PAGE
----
Sunday, April 21, 2013

How To Ace The Interview

One of the most frequent questions I receive from peers is, "How do you ace an interview?" Folks, let me tell ya... the preparation is the most important part. Just with any live performance, practice makes perfect. However, preparation is apart of a bigger package.

I truly believe the success of an interview is derived from three key factors: Personality, Presentation and Preparation.


Let's start with the first... Personality.

The reason you get called in to an interview is because you've passed the credentials test through your resume and cover letter. If you didn't have the right experience for the position, you wouldn't get the interview. It is during the interview that they want to see what's beyond the paper. The ticket is to let your personality shine. They want to hire you as a person, not a robot. Let your dazzling personality come out in your responses to their questions. Loosen up and relax.


Secondly... don't forget the Presentation.

I am of the personal belief that one should always look presentable. You never know when you are going to run into someone important or have to make an impromptu presentation/speech/toast/debate! To me, looking presentable for an interview means styling your hair (fun buns don't cut it for an interview), keeping your nails clean (treat yourself to a neutral manicure) and doing your makeup in a natural manner.

In my opinion, men have it a lot easier than women. For a guy to look sharp, all he's gotta do is put on a suit, dress shoes and have a clean hair cut. For a woman, she has to find the balance between professional and feminine. Nothing says newbie like an oversized pantsuit. I think you'll never go wrong with a nice dress and blazer and nothing gives confidence like heels. Unless of course you struggle walking in them and then... well, they won't give you much confidence.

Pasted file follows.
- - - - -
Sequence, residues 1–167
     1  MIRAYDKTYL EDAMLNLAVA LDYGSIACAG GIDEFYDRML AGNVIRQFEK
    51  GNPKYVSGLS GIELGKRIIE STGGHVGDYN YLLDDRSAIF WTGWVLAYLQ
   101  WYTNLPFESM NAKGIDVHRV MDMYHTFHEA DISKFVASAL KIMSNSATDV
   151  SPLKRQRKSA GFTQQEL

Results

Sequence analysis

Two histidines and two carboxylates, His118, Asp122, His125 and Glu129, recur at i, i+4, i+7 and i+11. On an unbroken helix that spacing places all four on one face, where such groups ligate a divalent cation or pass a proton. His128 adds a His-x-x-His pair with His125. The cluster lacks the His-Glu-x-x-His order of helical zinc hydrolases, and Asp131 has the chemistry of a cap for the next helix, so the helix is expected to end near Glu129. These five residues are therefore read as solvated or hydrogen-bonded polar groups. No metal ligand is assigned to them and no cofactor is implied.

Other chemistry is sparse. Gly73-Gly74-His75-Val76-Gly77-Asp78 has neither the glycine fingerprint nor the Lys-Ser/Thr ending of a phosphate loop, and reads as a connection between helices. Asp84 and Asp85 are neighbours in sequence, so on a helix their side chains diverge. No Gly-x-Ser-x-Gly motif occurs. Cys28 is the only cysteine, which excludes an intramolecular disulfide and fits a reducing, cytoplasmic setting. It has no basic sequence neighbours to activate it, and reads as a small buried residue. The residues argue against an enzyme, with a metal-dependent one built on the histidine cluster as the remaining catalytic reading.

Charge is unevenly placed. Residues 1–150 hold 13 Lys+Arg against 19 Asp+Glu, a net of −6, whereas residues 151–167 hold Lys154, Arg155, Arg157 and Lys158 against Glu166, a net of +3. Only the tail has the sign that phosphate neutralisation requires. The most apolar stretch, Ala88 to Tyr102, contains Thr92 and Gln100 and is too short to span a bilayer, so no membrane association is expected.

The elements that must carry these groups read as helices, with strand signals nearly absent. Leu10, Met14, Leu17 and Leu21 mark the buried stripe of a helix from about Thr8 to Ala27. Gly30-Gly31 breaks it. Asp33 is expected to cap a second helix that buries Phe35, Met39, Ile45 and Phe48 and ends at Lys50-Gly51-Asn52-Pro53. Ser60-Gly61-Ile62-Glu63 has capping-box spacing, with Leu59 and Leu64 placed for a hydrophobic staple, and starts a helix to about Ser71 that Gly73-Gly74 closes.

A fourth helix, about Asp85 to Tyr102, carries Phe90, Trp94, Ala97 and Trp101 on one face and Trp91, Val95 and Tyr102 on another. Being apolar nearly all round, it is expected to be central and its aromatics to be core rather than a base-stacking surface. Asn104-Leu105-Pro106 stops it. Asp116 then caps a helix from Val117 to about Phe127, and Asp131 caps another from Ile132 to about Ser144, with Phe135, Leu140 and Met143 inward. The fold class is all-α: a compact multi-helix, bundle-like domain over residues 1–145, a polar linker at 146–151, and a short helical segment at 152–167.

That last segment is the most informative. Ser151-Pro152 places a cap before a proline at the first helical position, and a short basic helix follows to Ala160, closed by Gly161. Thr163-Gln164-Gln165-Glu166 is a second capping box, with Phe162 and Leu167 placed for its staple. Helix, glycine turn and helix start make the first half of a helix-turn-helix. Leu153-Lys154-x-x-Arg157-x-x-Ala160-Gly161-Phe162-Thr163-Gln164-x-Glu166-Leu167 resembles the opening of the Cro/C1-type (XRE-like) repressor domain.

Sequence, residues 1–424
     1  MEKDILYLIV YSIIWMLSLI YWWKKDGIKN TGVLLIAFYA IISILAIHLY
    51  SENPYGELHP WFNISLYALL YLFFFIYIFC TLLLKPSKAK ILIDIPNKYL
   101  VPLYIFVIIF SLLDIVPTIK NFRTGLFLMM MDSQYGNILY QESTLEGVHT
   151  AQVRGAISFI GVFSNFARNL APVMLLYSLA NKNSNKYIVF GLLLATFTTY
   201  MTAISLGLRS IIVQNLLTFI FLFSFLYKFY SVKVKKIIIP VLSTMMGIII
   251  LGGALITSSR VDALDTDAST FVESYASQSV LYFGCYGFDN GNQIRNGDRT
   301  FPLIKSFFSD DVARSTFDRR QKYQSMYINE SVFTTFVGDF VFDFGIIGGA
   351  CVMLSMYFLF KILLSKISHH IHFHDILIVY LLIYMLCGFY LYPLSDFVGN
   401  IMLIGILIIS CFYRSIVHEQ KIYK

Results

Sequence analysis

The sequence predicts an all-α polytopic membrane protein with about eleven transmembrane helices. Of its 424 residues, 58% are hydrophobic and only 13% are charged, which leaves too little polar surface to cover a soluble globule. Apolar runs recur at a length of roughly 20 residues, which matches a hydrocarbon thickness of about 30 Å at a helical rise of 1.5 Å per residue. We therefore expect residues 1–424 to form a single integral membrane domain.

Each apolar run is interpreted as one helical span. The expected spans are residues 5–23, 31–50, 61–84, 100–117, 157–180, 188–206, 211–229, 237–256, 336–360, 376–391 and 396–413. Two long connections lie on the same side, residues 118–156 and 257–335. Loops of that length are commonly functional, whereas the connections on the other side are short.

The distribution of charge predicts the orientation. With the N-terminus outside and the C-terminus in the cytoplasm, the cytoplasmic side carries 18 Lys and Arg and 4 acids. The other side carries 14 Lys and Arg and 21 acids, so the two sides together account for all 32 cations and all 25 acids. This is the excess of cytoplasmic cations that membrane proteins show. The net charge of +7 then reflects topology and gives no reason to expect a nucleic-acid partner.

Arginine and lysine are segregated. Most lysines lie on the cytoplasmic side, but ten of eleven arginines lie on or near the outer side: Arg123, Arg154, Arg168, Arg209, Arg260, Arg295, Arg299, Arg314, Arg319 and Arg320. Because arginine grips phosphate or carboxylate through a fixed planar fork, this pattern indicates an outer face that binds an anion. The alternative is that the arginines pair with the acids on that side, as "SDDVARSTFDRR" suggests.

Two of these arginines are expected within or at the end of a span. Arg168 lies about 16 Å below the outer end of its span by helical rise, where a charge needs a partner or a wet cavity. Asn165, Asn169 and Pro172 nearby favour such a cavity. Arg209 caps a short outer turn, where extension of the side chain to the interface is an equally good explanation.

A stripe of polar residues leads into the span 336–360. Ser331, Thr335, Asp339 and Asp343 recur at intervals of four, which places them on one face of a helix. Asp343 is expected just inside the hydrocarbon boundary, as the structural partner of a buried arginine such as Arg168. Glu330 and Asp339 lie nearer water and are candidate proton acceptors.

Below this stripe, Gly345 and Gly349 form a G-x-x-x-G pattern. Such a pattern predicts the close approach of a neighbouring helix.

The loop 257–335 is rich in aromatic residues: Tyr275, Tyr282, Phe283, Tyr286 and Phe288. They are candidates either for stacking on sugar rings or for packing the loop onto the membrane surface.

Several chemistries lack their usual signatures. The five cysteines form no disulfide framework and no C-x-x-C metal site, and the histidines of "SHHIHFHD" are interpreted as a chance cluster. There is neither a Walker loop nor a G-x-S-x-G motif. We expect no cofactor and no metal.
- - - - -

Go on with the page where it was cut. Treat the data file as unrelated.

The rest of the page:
Regardless, a person judges your level of confidence within the first 30 seconds of meeting you. Your physical presentation will play a large part in this. Dress well and comfortably, stand tall and look people straight in the eyes.


Lastly, the ultimate success of an interview lies on the Preparation you do before hand.

Before any interview, I suggest doing a fair amount of research on the company, the department you are applying to and the people you are interviewing with. One easy way to do this is Google News. Look at the most recent news articles written on the company. Check out the LinkedIn profiles of your interviewers; see where they started and their progression.  Another secret weapon I always use is Glassdoor. In my interview at LinkedIn, I scoured over Glassdoor looking for potential interview questions, reading reviews of the company and learning about the average salaries. For those who have never used Glassdoor, it is a go to for interview prep. I even write reviews after I interview at companies. Practically all of the questions I received at my interview at LinkedIn, I was prepared for because I saw them as examples on Glassdoor.

Additionally prepare for some very specific questions about the company that you might be asked. One question that I think is really telling, but could be out of left field in the interview is, "What is our CEO's name?" One would think that is an important thing to know. Another question that a friend received in an interview is, "Which one of our campaigns did you like the most?" for a PR Agency. Knowing this information is vitally important.

Do your homework on the company's demographics, quarterly earnings reports and reputations within the industry. That way you look very well informed when you casually bring them up.

Lastly, always have a few questions to ask at the end of an interview when they say, "Do you have any questions for us?" As a general rule of thumb, ask questions you actually want to know the answer to... don't ask the questions that will make you "look good." They've heard 'em all before. Someone who asks, "What is the turnover rate like for employees? i.e. How loyal are your employees?" will look a lot sharper than someone who says "What is the culture like here?"

Best of luck in your upcoming interviews. Stay calm, dress well and do your homework.


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